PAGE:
was a big hitch. The color scheme
showed too much khaki and not
enough chartreuse, dubonnet. and
whathaveyou. All through the ween
these soldiers eat their meals, walk
to their classes, and drink their
mith other soldiers.
they like some form of
recreation and some change in
routine. It is the women on the
campus who can make an open
house such as this one a success!
The soldiers turn out in great numbers the girls should, too. .Re
member, they are held every Sun- ,day afternoon from three to six in
the music room of the Uuion build-- 1






ukm. . ao.,0. . u


Sports Editor
society Editor
dawson hawkins
Advertising Manager
Associate Editors
Circulation Manager
Assistant News Editor
Assistant Society Editor

nf Semener



N. V.





i 00

One Tear

to be comiderf the
end do not aecefrilr






TIME OUT by Tommy Moore
Thanksgiving vat ai ion. all out- tin ol

Tod:tx w are going lo Ih a game of
I'reteiid" just like we used to do when we were
Litis. and plax prOlt-nxvas more fun ih.in anything kc lould t h ink of.
Bui our "Lot's Pretend" itidax is going to
lot different from the kind wc nytl lo lay.
For wf just hapx-nfto see a not it e ih;it three
vears ago l.iti students from the I'nixersiix of
Prague were slain by the Nazis. We are going
to, shut Otir eyes and try to visualize jusi what
would be the result if the same thing li.iix ncl
here at the University of Remutkx. I'SA.
First of all, whith L'iti students would Ik'
pitked out to fie shot? For the most pari, jusi
anv 156. but probablv the first one would
ones that t lie invaders felt would cause
the most damage to iheir wondrous tause.
Taking a tpiitk look ai ihe siiuaiion. ihey
see that the SCiA and The Kernel are supposed
to Ik- ihe Mwcrs of student opinion on the
campus. Then ihe oflitials of these verdaminie




Vcrhind ungen must


There they are. lined up against the side of
l lie Adminisiraiion building
im Collier. M.u-iane Rirk. Patritia Snider, Beiiv
Pugh. Cxlia Bederman. Jav Wilson. Ia'w is. Shu in.
and Raxier Melton. A ratile of sIhms and the
figures slump lo the ground: are pit ked up. and
then slung inio a awning pit dug in the pan

rade pound.
That artounis for nine of the dogs of


Onlv H. more 10 go 10 t ea eh thai goal
ttnsere Kami ratten at Prague.


those t real ures those who
.lie jieopkk think are so big and healiliv. but
who we know are only puny fellows who hae
nothing more valuable lo do than thase a little ball all oxer a hundred-xard-Jonheld or
over a hardwood lloor.
we will get

And so ii is that Civile ohnson. Clark Wood.
Charley Rill Walker. Rill Griffin. Hut Jones. Mel
Rrewer. Kith Colvin, Charlev Kuhn. Mill Tit to.
Jesse Tunstill. and five of the smaller men take
their plates, hands Itountl, eves bandaged. I lie
sharp burst of mathine gun tire and ihev have
gone to join the ol lit is in ihe Mill ojien pit.
I il let n go tlown in that swoop, making the toial
an iininiKi (ant two tloeu.

leu on it exes gae oxer the siiuaiion.
and in so doing lall
the "Dint ion of



There, there are the names of eat h and
exerv siutleni in ihe whole stountlrelv plate.
Now it will Ik- an easv mailer to pitk out J lose
who tan help Jo fill the pitCarl Alihaus. a good old Aryan name, bin
what is he doing here in this unenlightened
lountrx? He might even lie against Der Vater- -


He musi go. And here is someone with
ilie Kiili.n name of Amnions, almost like that
mil thai t rax Aint-- it ans eat. He must le mils,
loo. He must join his liiemls at the wall.
I. tnd.


here is the name Rath, the same as
that tine who wrote sut h horrible musit, ihe
inusir that t annul Ik pl.ivttl in Der Vatcrland.
Alma Jean Rath, Rxroii Theodore Rath. I.xsle
Maurite I'.aili. Marx Fleanor Rath. Marx Fran-te- s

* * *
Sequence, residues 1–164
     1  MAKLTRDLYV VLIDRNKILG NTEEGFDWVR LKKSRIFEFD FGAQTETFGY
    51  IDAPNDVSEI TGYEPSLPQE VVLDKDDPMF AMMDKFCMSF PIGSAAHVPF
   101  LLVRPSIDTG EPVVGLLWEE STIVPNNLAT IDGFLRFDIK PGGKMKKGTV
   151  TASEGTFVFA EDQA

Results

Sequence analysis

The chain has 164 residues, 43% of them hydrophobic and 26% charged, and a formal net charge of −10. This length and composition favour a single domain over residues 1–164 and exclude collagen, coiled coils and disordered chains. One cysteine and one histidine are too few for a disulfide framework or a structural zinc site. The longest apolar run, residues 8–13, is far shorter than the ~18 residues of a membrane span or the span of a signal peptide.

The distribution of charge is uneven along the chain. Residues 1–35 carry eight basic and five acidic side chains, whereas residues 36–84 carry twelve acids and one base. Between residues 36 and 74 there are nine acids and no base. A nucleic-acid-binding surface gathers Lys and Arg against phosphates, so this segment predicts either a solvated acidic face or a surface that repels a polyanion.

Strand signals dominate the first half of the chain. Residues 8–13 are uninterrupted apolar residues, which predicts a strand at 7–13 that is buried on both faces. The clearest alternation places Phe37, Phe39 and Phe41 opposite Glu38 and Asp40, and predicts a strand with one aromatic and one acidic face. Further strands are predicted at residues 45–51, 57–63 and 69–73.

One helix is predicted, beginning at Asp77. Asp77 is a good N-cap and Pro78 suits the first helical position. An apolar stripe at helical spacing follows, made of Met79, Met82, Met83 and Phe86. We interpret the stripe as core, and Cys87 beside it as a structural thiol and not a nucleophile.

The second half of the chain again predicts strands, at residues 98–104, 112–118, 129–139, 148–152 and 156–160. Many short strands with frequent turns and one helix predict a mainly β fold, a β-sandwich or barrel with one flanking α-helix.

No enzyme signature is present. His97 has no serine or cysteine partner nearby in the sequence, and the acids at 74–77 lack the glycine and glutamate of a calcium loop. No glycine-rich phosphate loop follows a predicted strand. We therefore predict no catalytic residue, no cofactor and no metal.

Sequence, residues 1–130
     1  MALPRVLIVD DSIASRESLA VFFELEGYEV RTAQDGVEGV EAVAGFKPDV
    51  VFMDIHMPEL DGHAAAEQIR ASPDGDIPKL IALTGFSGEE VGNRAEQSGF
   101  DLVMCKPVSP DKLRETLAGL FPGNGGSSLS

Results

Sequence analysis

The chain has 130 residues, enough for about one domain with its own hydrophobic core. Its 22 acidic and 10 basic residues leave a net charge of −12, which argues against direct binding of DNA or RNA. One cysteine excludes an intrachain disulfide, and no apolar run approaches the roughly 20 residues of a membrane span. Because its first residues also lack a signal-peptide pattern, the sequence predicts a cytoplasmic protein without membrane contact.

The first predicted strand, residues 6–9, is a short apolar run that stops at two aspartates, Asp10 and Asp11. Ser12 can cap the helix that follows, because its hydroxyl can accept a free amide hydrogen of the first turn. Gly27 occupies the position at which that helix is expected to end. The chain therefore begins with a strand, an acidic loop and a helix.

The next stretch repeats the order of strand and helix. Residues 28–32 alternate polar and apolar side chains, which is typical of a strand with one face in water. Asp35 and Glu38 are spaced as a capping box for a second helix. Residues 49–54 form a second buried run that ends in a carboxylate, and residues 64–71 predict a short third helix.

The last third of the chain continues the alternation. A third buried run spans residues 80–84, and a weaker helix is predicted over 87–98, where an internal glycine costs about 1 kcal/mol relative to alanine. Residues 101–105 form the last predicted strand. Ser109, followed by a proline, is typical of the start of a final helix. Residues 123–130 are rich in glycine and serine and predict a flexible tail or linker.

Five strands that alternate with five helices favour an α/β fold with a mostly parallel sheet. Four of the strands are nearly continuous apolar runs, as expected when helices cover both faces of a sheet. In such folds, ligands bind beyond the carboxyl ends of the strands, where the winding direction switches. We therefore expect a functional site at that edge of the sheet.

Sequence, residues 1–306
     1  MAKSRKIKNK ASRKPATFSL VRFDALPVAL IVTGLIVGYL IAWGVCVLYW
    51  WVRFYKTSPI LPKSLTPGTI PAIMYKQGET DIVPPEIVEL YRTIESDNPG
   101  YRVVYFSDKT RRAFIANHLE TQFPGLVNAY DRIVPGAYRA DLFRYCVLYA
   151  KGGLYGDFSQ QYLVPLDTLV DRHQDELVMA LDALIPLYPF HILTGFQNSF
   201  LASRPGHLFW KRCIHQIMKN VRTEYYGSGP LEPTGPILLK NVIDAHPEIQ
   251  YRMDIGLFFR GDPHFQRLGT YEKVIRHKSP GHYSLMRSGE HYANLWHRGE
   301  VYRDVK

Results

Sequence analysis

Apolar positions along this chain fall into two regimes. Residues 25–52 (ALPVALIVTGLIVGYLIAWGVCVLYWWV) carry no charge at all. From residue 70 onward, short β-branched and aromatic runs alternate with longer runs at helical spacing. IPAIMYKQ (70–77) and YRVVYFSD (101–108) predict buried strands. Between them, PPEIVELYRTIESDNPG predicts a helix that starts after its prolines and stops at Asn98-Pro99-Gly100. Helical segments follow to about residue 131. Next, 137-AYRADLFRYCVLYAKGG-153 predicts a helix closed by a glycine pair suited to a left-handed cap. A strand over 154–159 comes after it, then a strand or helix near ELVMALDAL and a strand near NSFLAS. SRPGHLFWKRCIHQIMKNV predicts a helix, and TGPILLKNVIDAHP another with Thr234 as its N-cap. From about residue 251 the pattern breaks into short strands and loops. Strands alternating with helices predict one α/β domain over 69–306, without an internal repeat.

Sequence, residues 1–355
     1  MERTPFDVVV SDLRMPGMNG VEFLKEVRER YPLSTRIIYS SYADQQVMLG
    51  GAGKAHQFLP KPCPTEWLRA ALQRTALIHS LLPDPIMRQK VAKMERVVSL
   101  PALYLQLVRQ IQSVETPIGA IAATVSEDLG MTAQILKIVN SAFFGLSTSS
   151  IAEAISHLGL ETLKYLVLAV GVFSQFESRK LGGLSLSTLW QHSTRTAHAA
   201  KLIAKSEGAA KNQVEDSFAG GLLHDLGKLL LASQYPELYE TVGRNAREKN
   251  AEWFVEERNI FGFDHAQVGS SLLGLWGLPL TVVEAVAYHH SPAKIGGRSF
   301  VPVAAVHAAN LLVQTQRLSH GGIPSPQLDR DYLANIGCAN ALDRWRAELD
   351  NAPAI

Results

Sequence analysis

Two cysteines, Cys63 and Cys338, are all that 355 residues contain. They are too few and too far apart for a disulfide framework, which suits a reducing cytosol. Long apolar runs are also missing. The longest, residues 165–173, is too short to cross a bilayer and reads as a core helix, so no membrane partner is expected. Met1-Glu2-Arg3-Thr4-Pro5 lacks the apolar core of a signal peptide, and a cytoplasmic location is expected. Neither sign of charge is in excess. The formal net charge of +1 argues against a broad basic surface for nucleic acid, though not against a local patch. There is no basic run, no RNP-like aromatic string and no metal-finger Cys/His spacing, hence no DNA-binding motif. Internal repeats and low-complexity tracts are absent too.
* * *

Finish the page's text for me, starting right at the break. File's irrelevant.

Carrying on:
Rath. Ralph H. Rath ihey must pay ihe
n.iliv for having sut h names. Womler what
l litR in Ralph R. is lor. Piobablx some
Fuglish name thai he is ashamed
lis go
haxing. Don't blame him. So the
to ihe pit. Rut thev are hanged, noi shoi. ihey
xvhtt had sut h a name do noi tleserxe ihat shoi
Ik xvastttl on



What, here is another Riik. apparently ihe
sister tif the one who knew loo ninth aliout the
SC. A. She must Ik- litpiitlaied alv. lo show her
Hi Ix- - let tiff
parents thai ibex tannot
.:!!;ir thiltlren. Reh.tx ing sut h
t asilx
sides Miss Reiix Ijt-- is in tha: SfiA. loo. I hat
is loo unit Ii!
Mithaeleiie ean Rogan. What a name! She
'I here she is tuer there noxf.
musi Ikhair. No
ling ki'mmi has
with retl
letl hair. She musi spill her IiUmmI lo malt h dial
II. lining top.






see here ait- lx
Ktiple thai haxe ihe
name til Chun hill. Hoxtard Arniisiead
.mil Kiiix Chiirthill. ihev musi Ik- purgetl. II
xviih lhai
onlv we toultl tale tare of


I here
aie four men oxer there next lo ihe
big building xviih the seal on ii. What are
vour names, sirs? Fllis Biiiiun Cunningham,

(ux Claxion Cunningham. Milton Dean


I his is an Italian name,
Dif. i.irunio. Her
lust name is ik1x Marie. She ran lie no gtwitl
lo anxoue al all. none of the Italians are. Thev
are bunglers, all tf them. 'Ihey even like to
Ik- - raptured.
Beat her lo death.

It is a wonder that all these Duntans are not
going around wearing
skirls known as
kills. Such an odd mixture of colors, too. All
seven of them must go to greet their Scotch
ancestors, such as ihey are. Kill them sloxvlv
in revenge for the dastardly work that the Indies from Hell tarried on during 1014-18- .

This girl
the name of ihat old tpieen
of xvhai was once ihe Netherlands. Wilhelmina
Fxl. Do lo her as you would
tti tlo to the
anil gel Joseph Andrew also. He is
tpit-cnprobablv her brother.

Those two creatures ihat have the names
l.uigi Cam pi Frame and Vernon Hale French
must lie weaklings. Everything thai sounds like
thai counirx is verv poor.
And these must go. Coin! German nanie(s. but
that makes their crime of liv ing in America that
ninth worse. Thus il is lhai Gross. Grossman.
Gruenlx-rger- ,
Grunewald, and Gutienberger are
added lo the rapidly growing pile thai rests in
the pit ting in the parade ground.
Here is one whole section given iti

students whose names begin with Mt. Ii is too
ninth lo exH-t- us lo let suth people live, (tll
off ihe names, Schlusscl, and tell them to walk
lo the Administrai i